Financial markets rebounded sharply yesterday on news that President Reagan is expected to recover rapidly and fully from a shooting attack on Monday. "You'd have to say we're back to normal," said analyst David Jones at Aubrey G. Lanston & Co. of New York.

While the shock of another presidential assassination attempt continued to dominate talk in the investment community, the uncertainty that caused markets to be shut down abruptly in this country and Canada Monday afternoon was erased.

In response, stock prices and the value of the U.S. dollar recovered, after declining Monday (and early yesterday in Japan and Europe) on news that Reagan was wounded in the chest and headed for surgery. "A steadier tone developed in the dollar as confidence returned," said a dealer for Barclay's Bank International, describing the initial dollar setback.

Commodities trading also was back to normal yesterday, there was some easing of interest rates and the bond market was firmer with prices moving higher.

At the New York Stock Exchange, buyers were active from the opening bell as advancing issues topped declining stocks by a 3-to-1 margin in what analysts said was an extension of a rally that had been in progress prior to news reports on Monday of the shooting in Washington.

The composite index of Big Board stocks rose 0.91 point to 78.27 and the American Stock Exchange index soared 3.95 points to 360.60, in moderately heavy trading. The Dow Jones average of industrial stocks topped the 1,000-mark again and the Johnston, Lemon & Co. index of 30 Washington-area stocks rose to a record 167.381 compared with 166.802 last Friday and under 100 a year ago.

Overall, over-the-counter stocks were particularly strong as the National Association of Securities Dealers composite index hit a 1981 high of 210.18, up 1.36 points. Another broad market indicator, the Standard & Poor's index of 500 stocks jumped 1.72 points to 136.

Anthony Ludovaci, of Tucker Anthony & R. L. Day in New York, said the stock market was strong before the attack on Reagan and that otherwise basic market factors haven't changed, including a slowdown in the economy that points to reduced inflation.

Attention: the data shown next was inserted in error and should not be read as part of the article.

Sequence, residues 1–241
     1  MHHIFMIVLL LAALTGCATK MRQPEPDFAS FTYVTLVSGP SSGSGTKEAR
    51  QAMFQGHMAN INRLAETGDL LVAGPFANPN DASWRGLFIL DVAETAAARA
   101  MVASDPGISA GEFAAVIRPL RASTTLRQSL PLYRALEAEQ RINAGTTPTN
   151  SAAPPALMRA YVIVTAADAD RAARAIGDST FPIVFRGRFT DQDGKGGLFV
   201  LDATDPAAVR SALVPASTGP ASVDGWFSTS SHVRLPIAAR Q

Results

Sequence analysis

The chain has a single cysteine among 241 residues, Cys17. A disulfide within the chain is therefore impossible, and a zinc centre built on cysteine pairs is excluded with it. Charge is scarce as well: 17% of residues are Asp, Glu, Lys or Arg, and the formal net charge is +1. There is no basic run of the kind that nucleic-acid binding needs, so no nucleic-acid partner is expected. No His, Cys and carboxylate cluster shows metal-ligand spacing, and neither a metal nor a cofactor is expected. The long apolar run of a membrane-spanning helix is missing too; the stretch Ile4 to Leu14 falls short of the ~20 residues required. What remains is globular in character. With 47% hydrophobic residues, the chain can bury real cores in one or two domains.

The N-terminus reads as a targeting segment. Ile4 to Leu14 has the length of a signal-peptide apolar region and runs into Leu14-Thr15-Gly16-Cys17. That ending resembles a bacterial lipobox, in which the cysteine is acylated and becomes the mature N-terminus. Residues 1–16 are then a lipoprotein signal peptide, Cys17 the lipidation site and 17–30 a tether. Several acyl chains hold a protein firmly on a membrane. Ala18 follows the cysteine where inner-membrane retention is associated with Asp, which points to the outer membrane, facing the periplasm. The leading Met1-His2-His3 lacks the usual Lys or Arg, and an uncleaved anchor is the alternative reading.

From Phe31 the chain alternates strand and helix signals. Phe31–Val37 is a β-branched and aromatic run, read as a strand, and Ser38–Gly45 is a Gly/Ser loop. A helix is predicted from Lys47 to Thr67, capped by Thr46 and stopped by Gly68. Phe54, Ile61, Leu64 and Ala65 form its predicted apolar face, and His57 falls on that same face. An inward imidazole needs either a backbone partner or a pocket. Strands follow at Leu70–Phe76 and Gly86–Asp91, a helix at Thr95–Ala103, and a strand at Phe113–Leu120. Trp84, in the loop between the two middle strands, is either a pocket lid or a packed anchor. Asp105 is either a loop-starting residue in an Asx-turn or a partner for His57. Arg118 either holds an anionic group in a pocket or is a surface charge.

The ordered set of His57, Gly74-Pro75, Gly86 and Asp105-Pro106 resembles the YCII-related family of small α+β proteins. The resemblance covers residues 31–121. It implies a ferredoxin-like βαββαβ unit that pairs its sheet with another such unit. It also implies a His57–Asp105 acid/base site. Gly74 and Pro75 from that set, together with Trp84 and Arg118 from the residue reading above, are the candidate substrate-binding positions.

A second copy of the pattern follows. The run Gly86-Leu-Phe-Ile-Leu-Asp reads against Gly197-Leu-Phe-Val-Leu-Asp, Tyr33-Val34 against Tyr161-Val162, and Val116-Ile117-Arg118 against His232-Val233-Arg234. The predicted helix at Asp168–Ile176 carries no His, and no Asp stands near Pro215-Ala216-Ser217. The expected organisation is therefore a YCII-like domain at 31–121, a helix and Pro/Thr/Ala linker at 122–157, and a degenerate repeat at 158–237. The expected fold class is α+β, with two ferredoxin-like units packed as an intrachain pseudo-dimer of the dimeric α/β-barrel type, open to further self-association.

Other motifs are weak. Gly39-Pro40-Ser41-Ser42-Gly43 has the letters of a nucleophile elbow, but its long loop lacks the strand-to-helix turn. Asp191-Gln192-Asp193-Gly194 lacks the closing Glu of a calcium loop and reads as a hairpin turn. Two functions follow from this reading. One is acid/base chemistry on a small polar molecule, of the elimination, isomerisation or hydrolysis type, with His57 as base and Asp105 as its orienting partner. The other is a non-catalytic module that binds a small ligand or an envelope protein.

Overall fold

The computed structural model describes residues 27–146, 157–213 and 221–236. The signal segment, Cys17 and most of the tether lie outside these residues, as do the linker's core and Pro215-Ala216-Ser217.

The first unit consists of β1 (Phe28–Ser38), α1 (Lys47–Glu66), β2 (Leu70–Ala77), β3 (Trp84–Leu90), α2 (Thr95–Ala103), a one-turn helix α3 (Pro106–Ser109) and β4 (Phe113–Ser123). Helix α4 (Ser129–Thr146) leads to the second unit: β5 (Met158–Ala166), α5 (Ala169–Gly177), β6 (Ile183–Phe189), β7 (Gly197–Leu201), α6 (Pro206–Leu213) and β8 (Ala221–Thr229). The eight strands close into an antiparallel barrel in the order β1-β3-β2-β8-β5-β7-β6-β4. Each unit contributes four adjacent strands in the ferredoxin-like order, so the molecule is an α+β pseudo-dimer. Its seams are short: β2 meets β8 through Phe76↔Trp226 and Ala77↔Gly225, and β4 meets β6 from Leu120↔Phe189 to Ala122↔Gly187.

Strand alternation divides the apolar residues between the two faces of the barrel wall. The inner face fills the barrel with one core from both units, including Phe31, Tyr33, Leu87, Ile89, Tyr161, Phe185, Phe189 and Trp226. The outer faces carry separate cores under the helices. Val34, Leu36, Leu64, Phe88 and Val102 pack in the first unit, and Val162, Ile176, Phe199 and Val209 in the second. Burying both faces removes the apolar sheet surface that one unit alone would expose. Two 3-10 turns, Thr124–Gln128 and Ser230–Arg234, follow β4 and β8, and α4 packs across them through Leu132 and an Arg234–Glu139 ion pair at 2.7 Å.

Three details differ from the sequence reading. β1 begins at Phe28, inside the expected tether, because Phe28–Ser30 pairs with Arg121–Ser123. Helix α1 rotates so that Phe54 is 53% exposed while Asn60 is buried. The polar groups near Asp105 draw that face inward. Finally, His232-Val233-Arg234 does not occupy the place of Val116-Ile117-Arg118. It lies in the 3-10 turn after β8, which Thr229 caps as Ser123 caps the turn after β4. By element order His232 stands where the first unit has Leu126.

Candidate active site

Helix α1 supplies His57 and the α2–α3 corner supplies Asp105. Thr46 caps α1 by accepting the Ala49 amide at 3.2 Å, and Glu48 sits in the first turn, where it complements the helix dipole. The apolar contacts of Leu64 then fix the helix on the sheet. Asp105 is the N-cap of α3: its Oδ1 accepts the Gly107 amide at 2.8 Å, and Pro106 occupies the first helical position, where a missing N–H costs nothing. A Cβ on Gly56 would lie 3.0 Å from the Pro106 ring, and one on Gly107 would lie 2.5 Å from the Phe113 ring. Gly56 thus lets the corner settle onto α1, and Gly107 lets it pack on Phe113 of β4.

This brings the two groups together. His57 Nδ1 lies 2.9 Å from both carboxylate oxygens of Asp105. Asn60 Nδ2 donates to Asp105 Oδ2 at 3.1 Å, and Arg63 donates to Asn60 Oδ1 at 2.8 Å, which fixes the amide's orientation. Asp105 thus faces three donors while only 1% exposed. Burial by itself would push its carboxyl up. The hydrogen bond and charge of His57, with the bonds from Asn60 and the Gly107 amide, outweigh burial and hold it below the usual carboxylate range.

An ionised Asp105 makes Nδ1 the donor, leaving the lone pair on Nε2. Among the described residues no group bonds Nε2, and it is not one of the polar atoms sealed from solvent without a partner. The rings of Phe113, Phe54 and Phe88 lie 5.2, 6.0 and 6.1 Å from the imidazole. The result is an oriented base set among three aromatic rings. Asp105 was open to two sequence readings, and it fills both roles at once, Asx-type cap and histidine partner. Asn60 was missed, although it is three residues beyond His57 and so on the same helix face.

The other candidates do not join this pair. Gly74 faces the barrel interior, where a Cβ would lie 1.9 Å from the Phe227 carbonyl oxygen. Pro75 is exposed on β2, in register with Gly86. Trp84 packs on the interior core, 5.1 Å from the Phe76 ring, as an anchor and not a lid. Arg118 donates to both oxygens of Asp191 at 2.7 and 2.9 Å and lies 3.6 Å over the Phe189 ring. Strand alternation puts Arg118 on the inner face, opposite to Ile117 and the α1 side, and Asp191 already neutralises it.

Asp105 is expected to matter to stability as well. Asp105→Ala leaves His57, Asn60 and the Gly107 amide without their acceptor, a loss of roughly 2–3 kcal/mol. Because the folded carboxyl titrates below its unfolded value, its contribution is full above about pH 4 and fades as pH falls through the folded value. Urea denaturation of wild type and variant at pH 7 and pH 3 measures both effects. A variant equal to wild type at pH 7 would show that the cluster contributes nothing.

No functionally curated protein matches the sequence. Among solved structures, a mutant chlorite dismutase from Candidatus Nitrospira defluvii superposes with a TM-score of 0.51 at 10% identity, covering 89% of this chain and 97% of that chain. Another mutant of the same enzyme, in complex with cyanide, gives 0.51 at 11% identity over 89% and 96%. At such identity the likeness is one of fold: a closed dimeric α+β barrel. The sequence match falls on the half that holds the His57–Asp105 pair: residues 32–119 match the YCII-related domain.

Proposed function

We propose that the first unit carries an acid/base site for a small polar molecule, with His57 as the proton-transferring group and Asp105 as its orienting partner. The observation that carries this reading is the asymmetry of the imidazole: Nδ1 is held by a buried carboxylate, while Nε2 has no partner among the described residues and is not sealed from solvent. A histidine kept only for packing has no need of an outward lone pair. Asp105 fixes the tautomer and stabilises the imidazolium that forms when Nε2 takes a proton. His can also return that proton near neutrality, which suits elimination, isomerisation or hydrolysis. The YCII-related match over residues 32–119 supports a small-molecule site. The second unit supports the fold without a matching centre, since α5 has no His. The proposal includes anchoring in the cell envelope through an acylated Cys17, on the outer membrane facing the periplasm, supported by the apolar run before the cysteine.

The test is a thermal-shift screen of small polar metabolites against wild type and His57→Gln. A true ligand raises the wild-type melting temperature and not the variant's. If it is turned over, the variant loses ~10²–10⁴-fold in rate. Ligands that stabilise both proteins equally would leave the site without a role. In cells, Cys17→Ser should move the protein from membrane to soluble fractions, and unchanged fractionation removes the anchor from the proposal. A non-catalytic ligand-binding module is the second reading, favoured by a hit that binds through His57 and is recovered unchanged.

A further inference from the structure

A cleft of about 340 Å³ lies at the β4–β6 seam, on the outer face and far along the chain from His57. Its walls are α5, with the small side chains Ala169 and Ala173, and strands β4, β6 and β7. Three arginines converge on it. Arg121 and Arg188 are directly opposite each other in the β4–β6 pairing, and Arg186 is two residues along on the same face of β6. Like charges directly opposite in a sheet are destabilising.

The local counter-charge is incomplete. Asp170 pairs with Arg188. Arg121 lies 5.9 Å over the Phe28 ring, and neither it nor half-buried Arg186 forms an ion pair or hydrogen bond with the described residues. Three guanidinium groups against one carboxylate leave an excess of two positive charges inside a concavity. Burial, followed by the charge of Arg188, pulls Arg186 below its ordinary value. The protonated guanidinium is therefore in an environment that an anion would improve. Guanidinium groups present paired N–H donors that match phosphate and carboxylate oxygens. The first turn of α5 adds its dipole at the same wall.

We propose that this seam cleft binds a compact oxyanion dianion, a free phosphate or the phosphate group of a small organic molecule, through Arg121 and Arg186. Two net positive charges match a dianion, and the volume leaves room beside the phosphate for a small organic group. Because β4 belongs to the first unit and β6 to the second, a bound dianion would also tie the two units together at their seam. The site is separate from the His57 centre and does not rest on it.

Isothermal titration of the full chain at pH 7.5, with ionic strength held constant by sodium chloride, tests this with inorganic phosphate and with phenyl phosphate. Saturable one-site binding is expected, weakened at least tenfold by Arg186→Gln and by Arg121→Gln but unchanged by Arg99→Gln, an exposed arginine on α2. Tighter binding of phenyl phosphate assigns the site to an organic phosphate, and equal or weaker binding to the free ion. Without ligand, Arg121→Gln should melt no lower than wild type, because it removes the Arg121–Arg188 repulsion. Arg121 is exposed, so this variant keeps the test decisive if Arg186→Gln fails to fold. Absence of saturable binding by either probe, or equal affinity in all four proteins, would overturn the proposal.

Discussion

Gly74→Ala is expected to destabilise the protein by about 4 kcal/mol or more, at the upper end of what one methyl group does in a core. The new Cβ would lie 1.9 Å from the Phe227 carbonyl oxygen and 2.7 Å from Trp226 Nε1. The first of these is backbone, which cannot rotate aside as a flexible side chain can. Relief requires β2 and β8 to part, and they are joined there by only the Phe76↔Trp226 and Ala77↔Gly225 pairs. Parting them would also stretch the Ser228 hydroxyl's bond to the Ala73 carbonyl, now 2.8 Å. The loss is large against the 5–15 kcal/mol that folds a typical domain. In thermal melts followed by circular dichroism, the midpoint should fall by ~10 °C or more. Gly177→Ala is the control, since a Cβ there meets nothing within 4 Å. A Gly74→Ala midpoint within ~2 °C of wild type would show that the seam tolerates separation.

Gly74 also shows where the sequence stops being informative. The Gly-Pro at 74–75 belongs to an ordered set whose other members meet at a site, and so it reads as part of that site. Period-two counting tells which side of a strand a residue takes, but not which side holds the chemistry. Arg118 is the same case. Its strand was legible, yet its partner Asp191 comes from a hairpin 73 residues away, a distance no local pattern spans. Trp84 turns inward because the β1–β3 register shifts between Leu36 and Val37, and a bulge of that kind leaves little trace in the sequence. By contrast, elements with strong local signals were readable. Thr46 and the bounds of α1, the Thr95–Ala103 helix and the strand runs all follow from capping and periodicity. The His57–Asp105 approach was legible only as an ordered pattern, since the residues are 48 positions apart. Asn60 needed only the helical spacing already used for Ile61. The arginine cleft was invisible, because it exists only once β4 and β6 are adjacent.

"But psychologically, the world is more sympathetic to President Reagan and it may soften opposition in Congress to his programs," he added.

Initial relief that the assassination attempt had failed also got an extra boost from the new strength in bonds, said Jerry Hinkle, manager of the trading department of Sanford Bernstein & Co. in New York. Bond gains were noted in all sectors as the federal funds rate charged by banks for overnight lending between institutions eased to 14 1/4 percent from 15 percent. In addition, Citicorp commercial paper (corporate IOU interest fell to an average of 13.436 percent from 13.663 percent last week.

Citibank, the commerical banking subsidiary of Citicorp reduced its broker loan rate to 15 1/2 percent from 16 percent while competitor/ Manufacturers Hanover Bank & Trust cut its broker loan, rate to 16 percent from 16 1/4 percent.

The U.S. dollar declined in early European trading, in reaction to the Reagan shooting, but in late New York trading, the dollar was selling for 2.1090 German marks compared with 2.26 marks following the assassination attempt and 2.2460 marks prior to news of the shooting. The pound fell to $2.2340 in New York compared with $2.25-$2.26 after the Reagan attack.

In Tokyo, the U.S. currency slipped from 212.85 yen to 208.80 yesterday morning but recovered sharply to close at 211.40. Stock prices also fell initially in Tokyo but rebounded sharply, with one market index there hitting a record high.

Gold closed at $514.50 in New York, up slightly from $514 in a quiet market. The Comex settlement price was $513.80, up from $512.10, while silver was settled at $11.895 compared with $12.150. Suspension of the national strike in Poland was said to be the main factor in gold trading, with bullion down $15 an ounce in London to $507.50 compared with $522.50 on Monday.

The Dow Jones average of 30 industrial blue chip stocks on the New York exchange closed at 1003.87, up 11.71 points for the day and just below its best level of the day. In the previous two sessions, the Dow barometer had closed below the 1,000 market after reaching an eight-year high rank of 1,015.22 last Wednesday. The Dow transportation stock average also gained ground yesterday, up 6.97 points to 437.62 -- above the level it reached a week ago.

Volume on the Big Board was 51.3 million shares yesterday compared with 33.5 million in Monday's abbreviated session. Nationwide trading in NYSE-listed stocks on all exchanges and in the over-the-counter market rose to 58.67 million from 38 million. There were 1,145 advancing issues, 422 on the downside and 351 unchanged.

On the Amex, volume rose to 6.17 million shares from 4.34 million with 383 advancing issues, 226 declining and 203 unchanged.

Texaco was the most active NYSE issue, up 1 to 37 1/2 on a volume of 666,700. Eastman Kodak, which announced a new line of color film products for home use, rose 5/8 to 81 5/8.